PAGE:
Thursday, 22 July 2010

Added values

They may have finally created an industrial-strength tampon to plug the Gulf oil spill, but BP isn't out of the woods just yet. They're currently under investigation for their alleged involvement in lobbying the Scottish government to release Lockerbie bomber Abdelbaset Ali Mohmet al-Megrahi. It's speculated that BP got involved in order to help secure a lucrative oil deal with Libya.

This isn't another BP-bashing post, it's just the latest example of the power that major corporations have in the way the world operates. We no longer live in a world of superpowers with their fingers poised precariously over the big red button. The decisions that lead us into war are now made in the boardroom rather than the 'War Room'.

But not everybody sees it that way. US conservatives in particular are unhappy with the fact that Hollywood no longer makes movies depicting the 'Red Menace' as the big bad. They're upset that corporations are portrayed as the bad guys. To them, it's distinctly 'unAmerican'.

Incensed that liberal Hollywood is alienating American audiences, a new production company has been set up to reclaim the movie industry for 'real American values'. That means patriotic, pro-military, Christian values.

Declaration Entertainment is a new company founded on those traditional beliefs, and aims to provide America's silent majority with moral sustenance. They've studied the history of Hollywood and realised that the real problem lies with the industry's financial model. Since movies now generate much of their revenue overseas, they're no longer beholden to the attitudes that American conservatives hold so dear.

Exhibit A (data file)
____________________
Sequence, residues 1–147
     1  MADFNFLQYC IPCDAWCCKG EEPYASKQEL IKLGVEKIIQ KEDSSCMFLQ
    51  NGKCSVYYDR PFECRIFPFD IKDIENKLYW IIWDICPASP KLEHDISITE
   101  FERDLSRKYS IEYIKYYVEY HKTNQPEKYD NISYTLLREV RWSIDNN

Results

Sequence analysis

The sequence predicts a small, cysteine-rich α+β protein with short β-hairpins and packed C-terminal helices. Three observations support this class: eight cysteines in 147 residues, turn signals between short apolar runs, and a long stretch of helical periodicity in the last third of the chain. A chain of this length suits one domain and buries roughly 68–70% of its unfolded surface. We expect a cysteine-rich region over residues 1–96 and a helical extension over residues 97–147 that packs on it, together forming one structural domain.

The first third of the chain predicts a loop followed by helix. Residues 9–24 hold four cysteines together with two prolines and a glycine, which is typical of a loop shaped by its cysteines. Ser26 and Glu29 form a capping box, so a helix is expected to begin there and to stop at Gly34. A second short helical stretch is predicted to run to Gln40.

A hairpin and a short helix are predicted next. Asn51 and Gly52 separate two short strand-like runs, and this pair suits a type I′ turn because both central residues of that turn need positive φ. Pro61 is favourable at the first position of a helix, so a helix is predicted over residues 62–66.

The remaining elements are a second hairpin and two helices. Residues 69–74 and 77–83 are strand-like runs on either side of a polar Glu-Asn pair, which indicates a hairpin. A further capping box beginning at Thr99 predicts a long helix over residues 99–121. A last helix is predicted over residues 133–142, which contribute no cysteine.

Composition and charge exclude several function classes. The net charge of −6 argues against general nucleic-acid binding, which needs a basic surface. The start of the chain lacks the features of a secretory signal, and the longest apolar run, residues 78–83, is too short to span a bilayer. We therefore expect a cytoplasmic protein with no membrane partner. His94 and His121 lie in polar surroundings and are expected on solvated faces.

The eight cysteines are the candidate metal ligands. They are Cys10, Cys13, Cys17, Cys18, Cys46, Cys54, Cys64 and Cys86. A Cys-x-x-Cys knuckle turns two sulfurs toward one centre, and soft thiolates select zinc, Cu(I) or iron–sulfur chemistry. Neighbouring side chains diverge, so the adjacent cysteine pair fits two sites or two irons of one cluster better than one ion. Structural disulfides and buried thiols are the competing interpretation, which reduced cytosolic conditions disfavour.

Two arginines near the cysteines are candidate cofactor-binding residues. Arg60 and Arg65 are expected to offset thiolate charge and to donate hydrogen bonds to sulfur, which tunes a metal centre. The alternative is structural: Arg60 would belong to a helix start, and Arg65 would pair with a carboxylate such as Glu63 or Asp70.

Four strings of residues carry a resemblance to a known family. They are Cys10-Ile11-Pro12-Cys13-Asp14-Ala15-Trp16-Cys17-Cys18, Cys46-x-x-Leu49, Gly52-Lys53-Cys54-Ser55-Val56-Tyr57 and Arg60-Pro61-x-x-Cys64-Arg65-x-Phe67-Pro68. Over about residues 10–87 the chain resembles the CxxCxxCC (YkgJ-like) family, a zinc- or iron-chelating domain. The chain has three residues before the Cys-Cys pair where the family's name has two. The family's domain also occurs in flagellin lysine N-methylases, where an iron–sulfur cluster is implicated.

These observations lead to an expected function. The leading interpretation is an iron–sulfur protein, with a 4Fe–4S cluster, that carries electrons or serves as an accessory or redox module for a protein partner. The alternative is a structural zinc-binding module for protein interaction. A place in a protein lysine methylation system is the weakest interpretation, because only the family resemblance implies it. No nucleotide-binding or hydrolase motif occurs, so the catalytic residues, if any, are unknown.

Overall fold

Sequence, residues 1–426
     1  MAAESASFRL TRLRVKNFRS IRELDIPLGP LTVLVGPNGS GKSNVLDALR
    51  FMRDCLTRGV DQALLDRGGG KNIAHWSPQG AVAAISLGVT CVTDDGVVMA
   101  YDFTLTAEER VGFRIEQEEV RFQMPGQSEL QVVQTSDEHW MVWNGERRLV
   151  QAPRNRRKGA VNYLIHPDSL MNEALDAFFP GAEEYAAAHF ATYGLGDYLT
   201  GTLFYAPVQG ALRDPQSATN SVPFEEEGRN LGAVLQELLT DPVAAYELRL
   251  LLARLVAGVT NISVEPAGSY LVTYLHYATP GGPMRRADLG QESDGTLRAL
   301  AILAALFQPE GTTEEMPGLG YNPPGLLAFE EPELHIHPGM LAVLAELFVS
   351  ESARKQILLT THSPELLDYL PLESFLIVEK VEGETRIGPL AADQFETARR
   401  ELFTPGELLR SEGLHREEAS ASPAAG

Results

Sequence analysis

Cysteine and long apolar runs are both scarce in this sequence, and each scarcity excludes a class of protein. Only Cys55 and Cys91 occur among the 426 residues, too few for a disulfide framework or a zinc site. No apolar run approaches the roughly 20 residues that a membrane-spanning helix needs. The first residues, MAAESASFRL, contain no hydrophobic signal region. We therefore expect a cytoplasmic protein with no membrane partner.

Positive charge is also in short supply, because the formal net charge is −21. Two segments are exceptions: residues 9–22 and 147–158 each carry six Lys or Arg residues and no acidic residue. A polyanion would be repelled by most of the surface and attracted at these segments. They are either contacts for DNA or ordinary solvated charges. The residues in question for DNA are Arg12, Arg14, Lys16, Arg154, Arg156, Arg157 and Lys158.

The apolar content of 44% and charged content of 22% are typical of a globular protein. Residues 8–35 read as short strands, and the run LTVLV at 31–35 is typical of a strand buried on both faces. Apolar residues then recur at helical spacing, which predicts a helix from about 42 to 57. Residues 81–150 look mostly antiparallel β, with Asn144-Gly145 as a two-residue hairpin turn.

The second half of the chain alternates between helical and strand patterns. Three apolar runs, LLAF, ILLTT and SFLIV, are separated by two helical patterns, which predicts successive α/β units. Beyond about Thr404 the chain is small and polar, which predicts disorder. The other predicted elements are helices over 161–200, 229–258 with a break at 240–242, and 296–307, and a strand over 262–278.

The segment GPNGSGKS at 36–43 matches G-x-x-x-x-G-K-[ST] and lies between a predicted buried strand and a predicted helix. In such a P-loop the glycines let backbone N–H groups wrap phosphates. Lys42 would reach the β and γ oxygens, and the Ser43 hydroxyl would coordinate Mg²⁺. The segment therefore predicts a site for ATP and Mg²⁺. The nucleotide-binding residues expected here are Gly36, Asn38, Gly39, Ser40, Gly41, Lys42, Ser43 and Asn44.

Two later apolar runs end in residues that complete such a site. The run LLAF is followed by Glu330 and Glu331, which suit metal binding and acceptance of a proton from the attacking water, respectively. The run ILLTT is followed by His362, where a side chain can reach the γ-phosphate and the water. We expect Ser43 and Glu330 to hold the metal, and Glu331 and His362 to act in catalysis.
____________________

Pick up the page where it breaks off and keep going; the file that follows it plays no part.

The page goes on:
So here's their idea - citizen producers. Anyone willing to part with $10-$30 per month (depending on the package they're interested in) becomes a co-producer of the company's slate of would-be movies. As soon as enough investors have joined up, the movie is greenlit, produced and released. It sounds a lot like a pyramid scheme - except there's no financial reward. Any profits generated by the completed movies are used to finance future ventures.

So what's in it for investors? A heady mix of rewards await those willing to stump up the cash on a monthly basis - they can access all the content on the website (whoopee), read script excerpts, watch casting videos and even win trips to the film set or red-carpet premiere. But that's not all, as the site boasts: "you’ll be doing your part to turn the tide of anti-Americanism in the culture by portraying our shared values in a positive light – the way Hollywood used to."

Stilted dialogue, thinly-veiled propaganda, unrealistic representations of morality - what's not to love? There must be a market for films like this, since company founder Jeremy Boreing (as dull as he sounds) claims that 60% of American's "don't approve of Hollywood".

He doesn't actually explain what element of Hollywood that relates to, or the impact that this disapproval has on business. But he has definitely heard people saying that they plan to boycott Hollywood's output as a result. Pretty persuasive, I'm sure you'll agree.

If you have some cash to spare (and an empty shoebox where your brain should be) perhaps you'd like to invest in the studio's current slate of projects. There's Aurora, a science-fiction epic about a space vehicle designed to open up "the entire Solar System to colonization and free enterprise, beyond the reach of bureaucracy." Or maybe you'd be more interested in 'The Arroyo', the tale of an ex-special forces cattle rancher concerned about over-regulated Border Patrols.

It's just a shame that the people behind Declaration Entertainment don't understand that the real issue audiences have with modern film-making is quality, not values. And judging by their projected output, that's not likely to change anytime soon.

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